Do blue marlin attack marine mammals?
A question was asked: have marlin or swordfish ever been known to attack marine mammals, such as seals or dolphins?
There appears to be only one published scientific observation of interactions between billfish and marine mammals of any kind. This was an observation in 1951 of humpback whales being impaled by (probably) blue marlin off Hawaii.
Two marlin were seen embedded in the flanks of separate whales, which were breaching in obvious stress. The author observed that one of the marlin “thrashed back and forth, snapping off its bill and fell into the water, as the whale turned upright and submerged.”
Before going into likely explanations for this amazing observation, there are a couple of important points of which to be aware.
First, marlin do not have teeth, so they could not possibly be trying to eat a whale!
Second, it appears that marlin rarely, if ever, purposely “skewer” their prey. They “bill-whack” their prey, stunning it before they eat it.
On the other hand, marlin and swordfish bills have historically been found embedded in ships’ hulls, logs and bales of rubber, and there are also records of marlin and swordfish bills found embedded in three species of marine turtles.
And, to round out this topic, bills are sometimes found in sharks, especially makos. I have personally witnessed several broken off marlin bills, one to four inches, embedded in different parts of other marlin upon weighing.
So, why would marlin and swordfish apparently attack ships, logs or large animals that they can’t possibly eat? Are they really trying to inflict mayhem and destruction, or is there another explanation?
We know that many open ocean fishes are strongly attracted to floating objects, the most common of which are tree trunks and logs flushed out to sea after storms.
Predators, especially marlin, are also attracted to flotsam, presumably because of the potential prey concentrated in the area.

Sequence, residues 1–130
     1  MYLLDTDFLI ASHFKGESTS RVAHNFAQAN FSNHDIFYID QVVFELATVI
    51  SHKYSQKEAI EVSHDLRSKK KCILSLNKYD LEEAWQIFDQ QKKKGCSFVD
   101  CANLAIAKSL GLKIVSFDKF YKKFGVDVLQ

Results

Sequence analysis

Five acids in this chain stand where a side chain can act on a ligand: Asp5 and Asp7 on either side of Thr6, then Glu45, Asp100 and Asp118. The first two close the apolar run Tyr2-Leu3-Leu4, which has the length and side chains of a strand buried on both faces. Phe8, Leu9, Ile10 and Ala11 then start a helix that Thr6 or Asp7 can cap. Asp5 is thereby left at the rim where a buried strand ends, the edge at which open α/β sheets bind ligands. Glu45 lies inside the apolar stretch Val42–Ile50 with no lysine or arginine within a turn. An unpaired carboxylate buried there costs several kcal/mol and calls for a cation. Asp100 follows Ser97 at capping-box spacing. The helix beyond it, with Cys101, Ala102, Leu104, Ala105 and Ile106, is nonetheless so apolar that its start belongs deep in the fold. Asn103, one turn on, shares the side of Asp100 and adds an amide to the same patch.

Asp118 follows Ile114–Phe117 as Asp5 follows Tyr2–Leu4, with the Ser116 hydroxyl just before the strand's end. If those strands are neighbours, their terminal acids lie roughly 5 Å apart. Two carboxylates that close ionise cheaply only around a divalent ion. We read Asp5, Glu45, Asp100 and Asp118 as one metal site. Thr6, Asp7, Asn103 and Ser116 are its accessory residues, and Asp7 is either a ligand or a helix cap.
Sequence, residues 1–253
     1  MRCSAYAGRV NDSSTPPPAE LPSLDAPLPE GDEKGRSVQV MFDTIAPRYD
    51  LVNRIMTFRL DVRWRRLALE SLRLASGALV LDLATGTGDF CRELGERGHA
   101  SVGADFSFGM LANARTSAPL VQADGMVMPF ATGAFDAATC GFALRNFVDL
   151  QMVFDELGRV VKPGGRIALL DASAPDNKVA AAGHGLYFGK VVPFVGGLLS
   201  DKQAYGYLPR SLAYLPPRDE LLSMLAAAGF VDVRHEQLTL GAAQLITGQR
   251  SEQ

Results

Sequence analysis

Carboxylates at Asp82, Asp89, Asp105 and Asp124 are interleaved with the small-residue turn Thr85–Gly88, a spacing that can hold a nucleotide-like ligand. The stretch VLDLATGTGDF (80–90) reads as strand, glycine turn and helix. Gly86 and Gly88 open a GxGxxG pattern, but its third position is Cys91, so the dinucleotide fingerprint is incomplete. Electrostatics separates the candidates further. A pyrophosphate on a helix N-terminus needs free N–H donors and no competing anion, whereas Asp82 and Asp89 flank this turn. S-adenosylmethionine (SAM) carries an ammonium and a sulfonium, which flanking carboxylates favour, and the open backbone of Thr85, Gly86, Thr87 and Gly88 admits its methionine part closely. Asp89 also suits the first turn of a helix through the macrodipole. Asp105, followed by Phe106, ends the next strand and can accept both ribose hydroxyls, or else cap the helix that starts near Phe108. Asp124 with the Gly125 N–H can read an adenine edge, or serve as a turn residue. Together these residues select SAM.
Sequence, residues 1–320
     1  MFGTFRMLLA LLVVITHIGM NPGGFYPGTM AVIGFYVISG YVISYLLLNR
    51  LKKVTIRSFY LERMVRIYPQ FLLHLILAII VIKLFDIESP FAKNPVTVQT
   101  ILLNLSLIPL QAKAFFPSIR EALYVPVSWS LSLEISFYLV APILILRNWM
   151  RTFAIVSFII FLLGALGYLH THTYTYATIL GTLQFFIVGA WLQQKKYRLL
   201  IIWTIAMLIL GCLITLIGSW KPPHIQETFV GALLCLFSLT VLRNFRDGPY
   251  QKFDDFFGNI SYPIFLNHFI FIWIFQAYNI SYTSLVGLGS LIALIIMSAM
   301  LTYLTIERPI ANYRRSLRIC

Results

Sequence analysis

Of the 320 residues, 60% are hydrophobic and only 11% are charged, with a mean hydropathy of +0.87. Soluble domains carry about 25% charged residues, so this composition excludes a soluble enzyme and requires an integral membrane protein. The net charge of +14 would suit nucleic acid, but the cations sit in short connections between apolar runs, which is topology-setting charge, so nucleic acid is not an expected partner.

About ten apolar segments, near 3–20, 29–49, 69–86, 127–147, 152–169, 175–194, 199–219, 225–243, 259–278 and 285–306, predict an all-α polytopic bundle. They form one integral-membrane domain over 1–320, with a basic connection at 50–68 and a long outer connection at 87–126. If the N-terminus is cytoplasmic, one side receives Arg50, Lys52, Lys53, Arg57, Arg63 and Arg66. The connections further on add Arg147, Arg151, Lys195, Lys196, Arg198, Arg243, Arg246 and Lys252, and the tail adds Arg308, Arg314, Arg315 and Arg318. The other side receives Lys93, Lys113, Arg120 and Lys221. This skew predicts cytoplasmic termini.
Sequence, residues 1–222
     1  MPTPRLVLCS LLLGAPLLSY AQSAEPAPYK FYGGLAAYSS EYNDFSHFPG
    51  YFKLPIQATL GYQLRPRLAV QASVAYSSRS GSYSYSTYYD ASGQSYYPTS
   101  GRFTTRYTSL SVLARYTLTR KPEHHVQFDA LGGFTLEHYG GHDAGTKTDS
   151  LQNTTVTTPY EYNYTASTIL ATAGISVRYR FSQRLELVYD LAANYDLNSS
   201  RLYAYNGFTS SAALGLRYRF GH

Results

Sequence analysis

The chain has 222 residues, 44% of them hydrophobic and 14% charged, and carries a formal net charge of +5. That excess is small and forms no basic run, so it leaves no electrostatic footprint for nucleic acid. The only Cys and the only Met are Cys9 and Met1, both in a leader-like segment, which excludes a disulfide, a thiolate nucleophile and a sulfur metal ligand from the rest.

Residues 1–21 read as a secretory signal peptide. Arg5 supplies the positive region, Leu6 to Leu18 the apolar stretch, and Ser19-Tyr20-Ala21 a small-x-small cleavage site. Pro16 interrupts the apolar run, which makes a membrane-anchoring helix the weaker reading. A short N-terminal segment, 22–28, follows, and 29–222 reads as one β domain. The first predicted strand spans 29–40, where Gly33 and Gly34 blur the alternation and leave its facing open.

A wooden sailing ship, especially one moving slowly, would act as just such a log or FAD (fish aggregating device), so it is highly likely that, in certain circumstances, these ships would be accompanied by a whole entourage of various fish, including lurking billfish.
When marlin attack from below, they often hit with such speed that they propel themselves clear of the water.
Now, if they were to make an error of judgment, just as the intended meal swerved, it is not hard to imagine a crushing collision with the hull of a ship or a log.
This might be where the whale encounters come into play, too. A likely explanation is that the humpback whales were feeding on a concentration of baitfish, and the opportunistic marlin had dashed in for a free feed, and, being so intent on chasing prey, blundered headfirst into the whales.
Marlin attack when they feel the need to destroy things that are in their way. They hit the smallest of things and kill swiftly, sometimes without taking it for food. They are very precise animals that spot things very clearly and deploy themselves with speed. Sometimes they will eat what they are going for, but also seem to kill for the fun of it.
Billfish attacks on whales have been recorded in whaling journals at least as far back as 1832, also noting that no lesser an authority than Jacques Cousteau had written that broadbill swordfish do attack whales out of “irascibility.”
Bills were sometimes found in whales when they were being flensed, although we have no way of knowing how common this was. Billfish are probably quite bad-tempered and they do, indeed, attack whales from time to time.
Back in April 2003, veteran whale researcher and photographer Mark Ferrari was impaled through the right shoulder while filming an injured broadbill swordfish being attacked by a large pod of false killer whales.
The false killer whales were several miles off Olowalu, swimming around an estimated 600-pound swordfish. They kept darting in and taking chunks of meat off the injured billfish, staying away from its bill.
The swordfish suddenly spun around, and without warning, darted toward Mark, ramming its bill through his shoulder. Mark survived the attack without suffering any damage to his shoulder.